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        • #5
          Originally posted by Gazz
          As already mentioned, beer or soda cans can be used for the tubing. One plan I saw the maker was cutting the ends in kind of pie shaped sections and then turning and twisting the cut sections to provide"swirl" of the air as it move up the tube. I don't know how much that would improve the efficiency. I f you search youtube for beer can solar heaters I think you will get some hits. I do wonder what you do with those sort of things in the summer though. Even with fans shut off and vents/ports closed off, there would still a lot heat made that would have to go somewhere.
          i suppose you could just Chuck a blanket over it ..when it gets so hot that it may damage itself

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          • #6
            I am just finishing up my design for an air to air heat exchanger for an electric dryer. It uses pop cans and I figured out a slick way to cut off the ends so they snap together. I will explain when I post the project.
            Free software for calculating bolt circles and similar: Click Here

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            • #7
              Does it have to be metal? Why not black plastic piping? I know when you lay it down in the sun it gets hot, already black, cheap, and stuff.
              Andy

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              • #8
                In warm weather it will get got enough to melt PVC or ABS.
                Free software for calculating bolt circles and similar: Click Here

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                • #9
                  I saw a version of that long ago that used aluminum flashing folded up into an accordian shape, painted flat black, and placed inside the box in similar fashion. That gives a very large surface area to exchange heat with the air. There were designs that would track the sun, while others were passive.
                  I seldom do anything within the scope of logical reason and calculated cost/benefit, etc- I'm following my passion-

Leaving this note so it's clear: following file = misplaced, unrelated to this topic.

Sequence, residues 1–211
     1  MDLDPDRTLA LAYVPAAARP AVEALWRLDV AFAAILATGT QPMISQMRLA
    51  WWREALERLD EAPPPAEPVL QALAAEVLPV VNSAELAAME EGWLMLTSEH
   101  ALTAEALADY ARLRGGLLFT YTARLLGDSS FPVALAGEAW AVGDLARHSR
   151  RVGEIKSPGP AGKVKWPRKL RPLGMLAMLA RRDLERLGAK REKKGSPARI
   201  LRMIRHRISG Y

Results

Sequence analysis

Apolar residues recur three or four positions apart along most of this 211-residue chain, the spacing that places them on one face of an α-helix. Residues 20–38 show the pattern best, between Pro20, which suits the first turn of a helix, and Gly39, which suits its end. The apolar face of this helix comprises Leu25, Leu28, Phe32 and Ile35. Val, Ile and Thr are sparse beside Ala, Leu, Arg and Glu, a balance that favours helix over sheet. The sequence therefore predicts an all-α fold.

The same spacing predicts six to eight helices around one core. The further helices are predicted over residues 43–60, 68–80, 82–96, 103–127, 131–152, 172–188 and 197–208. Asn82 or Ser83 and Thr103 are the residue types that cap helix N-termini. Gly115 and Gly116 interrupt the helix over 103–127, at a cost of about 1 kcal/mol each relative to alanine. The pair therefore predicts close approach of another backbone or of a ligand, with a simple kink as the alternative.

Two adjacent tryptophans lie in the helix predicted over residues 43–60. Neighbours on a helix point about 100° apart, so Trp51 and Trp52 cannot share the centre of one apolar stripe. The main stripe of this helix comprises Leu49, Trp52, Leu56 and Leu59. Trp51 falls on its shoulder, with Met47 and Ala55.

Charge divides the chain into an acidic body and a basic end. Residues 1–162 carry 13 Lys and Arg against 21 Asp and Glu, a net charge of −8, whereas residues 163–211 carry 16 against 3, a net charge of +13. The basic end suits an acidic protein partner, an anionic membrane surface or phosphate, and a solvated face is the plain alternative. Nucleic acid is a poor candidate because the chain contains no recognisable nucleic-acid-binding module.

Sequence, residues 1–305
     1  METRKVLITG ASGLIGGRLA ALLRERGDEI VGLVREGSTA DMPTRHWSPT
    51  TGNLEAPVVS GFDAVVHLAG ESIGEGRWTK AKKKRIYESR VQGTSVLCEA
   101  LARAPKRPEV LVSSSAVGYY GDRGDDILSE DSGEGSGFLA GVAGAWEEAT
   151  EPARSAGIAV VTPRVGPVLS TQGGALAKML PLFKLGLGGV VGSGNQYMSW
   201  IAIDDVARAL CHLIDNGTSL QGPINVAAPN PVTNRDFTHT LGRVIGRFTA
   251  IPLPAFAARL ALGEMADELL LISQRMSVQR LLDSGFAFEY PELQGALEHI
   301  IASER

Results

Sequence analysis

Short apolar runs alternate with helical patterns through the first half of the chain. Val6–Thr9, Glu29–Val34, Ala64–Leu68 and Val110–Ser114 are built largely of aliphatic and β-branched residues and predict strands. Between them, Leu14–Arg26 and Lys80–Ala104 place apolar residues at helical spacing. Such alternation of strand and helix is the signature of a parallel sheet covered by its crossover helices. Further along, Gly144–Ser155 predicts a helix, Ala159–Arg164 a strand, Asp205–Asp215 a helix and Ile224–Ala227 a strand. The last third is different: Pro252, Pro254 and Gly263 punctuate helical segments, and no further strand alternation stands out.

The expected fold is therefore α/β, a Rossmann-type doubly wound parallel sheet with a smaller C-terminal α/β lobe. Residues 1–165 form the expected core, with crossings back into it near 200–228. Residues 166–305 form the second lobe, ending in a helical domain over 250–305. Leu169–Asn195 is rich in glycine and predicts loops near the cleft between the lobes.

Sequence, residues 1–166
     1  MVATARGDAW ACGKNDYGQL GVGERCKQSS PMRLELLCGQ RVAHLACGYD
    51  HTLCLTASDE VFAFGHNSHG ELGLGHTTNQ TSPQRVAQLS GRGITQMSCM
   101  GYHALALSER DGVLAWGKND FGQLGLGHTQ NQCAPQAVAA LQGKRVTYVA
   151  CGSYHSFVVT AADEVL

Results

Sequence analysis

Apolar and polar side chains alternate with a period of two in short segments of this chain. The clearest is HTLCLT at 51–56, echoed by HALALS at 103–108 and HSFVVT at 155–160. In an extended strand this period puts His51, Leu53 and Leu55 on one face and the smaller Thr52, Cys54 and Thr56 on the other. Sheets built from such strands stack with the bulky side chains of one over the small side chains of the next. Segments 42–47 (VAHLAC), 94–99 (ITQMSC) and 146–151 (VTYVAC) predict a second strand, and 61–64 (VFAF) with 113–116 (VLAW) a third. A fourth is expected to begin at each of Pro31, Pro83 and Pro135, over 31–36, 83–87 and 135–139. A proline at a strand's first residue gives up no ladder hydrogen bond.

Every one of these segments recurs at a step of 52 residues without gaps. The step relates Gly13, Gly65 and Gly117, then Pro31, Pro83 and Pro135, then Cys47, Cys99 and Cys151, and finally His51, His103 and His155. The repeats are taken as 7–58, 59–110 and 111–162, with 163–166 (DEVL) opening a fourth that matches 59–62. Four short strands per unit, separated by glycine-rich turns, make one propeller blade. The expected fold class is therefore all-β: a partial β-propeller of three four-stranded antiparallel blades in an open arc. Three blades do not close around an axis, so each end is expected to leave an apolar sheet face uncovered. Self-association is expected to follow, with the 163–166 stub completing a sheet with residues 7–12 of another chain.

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                  • #10
                    I done a little searching for the Solar heater that I posted about earlier and Found it! it wasn't a Mother Earth thing, but Popular Mechanics. Google Books have all the old PM Magazines from the beginning. Here is a link to it if your interested.
                    http://books.google.com/books?id=OOI...lector&f=false
                    _____________________________________________

                    I would rather have tools that I never use, than not have a tool I need.
                    Oregon Coast

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                    • #11
                      Great idea,Thank you!

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                      • #12
                        Many years ago I made a solar heater for my pool that worked on the same idea only instead of air flowing through the tubes it was recirculated pool water. It was a 4' x 8' box mounted on my garage roof made out of 2 x 10's, inside the frame were several copper alum. coils that were originally air conditioner coils and I painted them black. The top of the box was covered with that wavy translucent fiberglass panel stuff (can't remember what it's called) When the sun was shining the water temp was around 120 degrees but I had to really throttle down the flow rate of the water or it would just come out luke warm and in a 35 k gallon pool it didn't make much difference. I later scrapped the idea. I cool rain would drop the water temp 10 times faster than a hot sunny day would warm it.